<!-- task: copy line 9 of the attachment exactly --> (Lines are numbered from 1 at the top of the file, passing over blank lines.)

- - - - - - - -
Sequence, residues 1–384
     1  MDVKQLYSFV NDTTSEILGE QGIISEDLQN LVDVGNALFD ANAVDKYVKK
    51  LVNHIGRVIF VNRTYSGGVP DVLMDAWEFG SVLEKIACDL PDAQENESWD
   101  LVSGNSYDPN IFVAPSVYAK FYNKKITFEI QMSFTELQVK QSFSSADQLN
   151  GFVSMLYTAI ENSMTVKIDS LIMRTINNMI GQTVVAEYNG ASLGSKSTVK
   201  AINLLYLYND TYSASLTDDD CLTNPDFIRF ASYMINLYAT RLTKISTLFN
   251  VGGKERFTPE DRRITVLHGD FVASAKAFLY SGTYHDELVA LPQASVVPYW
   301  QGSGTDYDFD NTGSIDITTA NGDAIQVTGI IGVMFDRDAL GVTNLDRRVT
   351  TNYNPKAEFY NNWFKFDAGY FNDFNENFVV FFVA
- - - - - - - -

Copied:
   351  TNYNPKAEFY NNWFKFDAGY FNDFNENFVV FFVA